The Elite Charade of Changing the World
On this New Years Day we continue our look back on the defining stories of the past year with our coverage examining our economic health and that of the global economy in what many see as a new gilded age. We begin with my interview from February 26th of 2019 with Anand Giridharadas, editor at large for Time Magazine and a former columnist for The New York Times about his new book “Winners Take All: The Elite Charade of Changing the World”, an insider’s groundbreaking journey into the inner sanctums of the global elite of this new gilded age. We discuss the issue which exposed the emperors of Davos having no clothes which happened when Dutch historian Rutger Bregman cut through the sanctimonious talk of justice, equality and transparency by pointing out that “nobody raises the issue of tax avoidance and the rich not paying their fair share. It’s like going to a firefighter’s conference and not talking about water”.
An Adviser to AOC and Senators Sanders and Warren
Then we go to an interview from June 5th of 2019 just following Bernie Sanders address to the annual meeting of Walmart shareholders at which he shamed the company’s executives and the Walton family owners who are among the richest families in the world, pointing out that “Walmart workers are sick and tired of being paid starvation wages”. Later Sanders joined Representative Ocasio Cortez and economist Robert Hockett for a town hall on Twitter to discuss their bill the Loan Shark Prevention Act which puts a 15% cap on all consumer loans. Robert Hockett, a Professor of Law at Cornell Law School who helped Elizabeth Warren write the Accountable Capitalism Act and is currently a public finance adviser to Bernie Sanders and Alexandria Ocasio Cortez and helped write the Green New Deal and the Loan Shark Prevention Act, joined us. We discussed how since usury laws were overturned by the banking lobby, banks and credit card companies in states like South Dakota and Delaware are able to charge as much as 23% for money they borrow from the Federal Reserve at 2.5%. Starting in the 1980’s with Ronald Reagan, this has turned America from an income-based economy to a credit-driven consumer economy with most of the gains of increased productivity going to the 1% while most Americans haven’t had a raise since the late 1970’s. We also discussed Elizabeth Warren’s latest plan which she calls an “Agenda for Economic Patriotism”.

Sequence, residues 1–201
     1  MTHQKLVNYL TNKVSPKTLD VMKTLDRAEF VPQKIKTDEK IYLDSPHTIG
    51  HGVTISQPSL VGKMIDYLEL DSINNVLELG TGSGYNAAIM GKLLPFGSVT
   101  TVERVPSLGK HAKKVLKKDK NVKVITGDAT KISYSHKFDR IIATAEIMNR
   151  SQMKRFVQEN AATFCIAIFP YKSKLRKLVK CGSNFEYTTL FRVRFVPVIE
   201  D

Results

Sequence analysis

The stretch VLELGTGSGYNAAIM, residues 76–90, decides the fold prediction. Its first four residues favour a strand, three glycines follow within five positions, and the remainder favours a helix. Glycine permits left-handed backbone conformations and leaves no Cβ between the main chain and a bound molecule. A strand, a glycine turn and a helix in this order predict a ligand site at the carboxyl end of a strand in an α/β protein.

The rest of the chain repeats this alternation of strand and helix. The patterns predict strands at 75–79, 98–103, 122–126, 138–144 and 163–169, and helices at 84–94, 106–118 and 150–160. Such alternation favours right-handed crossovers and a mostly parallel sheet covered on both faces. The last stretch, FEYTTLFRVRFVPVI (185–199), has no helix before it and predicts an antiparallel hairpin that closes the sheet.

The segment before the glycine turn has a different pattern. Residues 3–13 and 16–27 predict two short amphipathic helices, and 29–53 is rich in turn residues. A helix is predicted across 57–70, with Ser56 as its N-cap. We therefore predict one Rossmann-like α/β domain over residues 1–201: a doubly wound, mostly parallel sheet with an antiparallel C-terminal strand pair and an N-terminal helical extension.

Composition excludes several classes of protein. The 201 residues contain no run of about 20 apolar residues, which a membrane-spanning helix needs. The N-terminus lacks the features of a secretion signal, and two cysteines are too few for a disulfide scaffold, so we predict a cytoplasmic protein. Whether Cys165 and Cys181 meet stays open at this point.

The Realities of Our Sociopathic Economy
Then finally we hear an interview from October 29 of 2019 when I spoke with Emily Guendelsberger, a journalist and author of the new book, just out, “On the Clock: What Low-Wage Work Did to Me and How It Drives America Insane”, joins us to discuss how after her newspaper closed, she took three low-wage jobs at an Amazon warehouse in Kentucky, a call center in North Carolina, and a McDonald’s in San Francisco. We discuss the harsh realities of our sociopathic economy in her journey into the fastest-growing segment of the American workforce.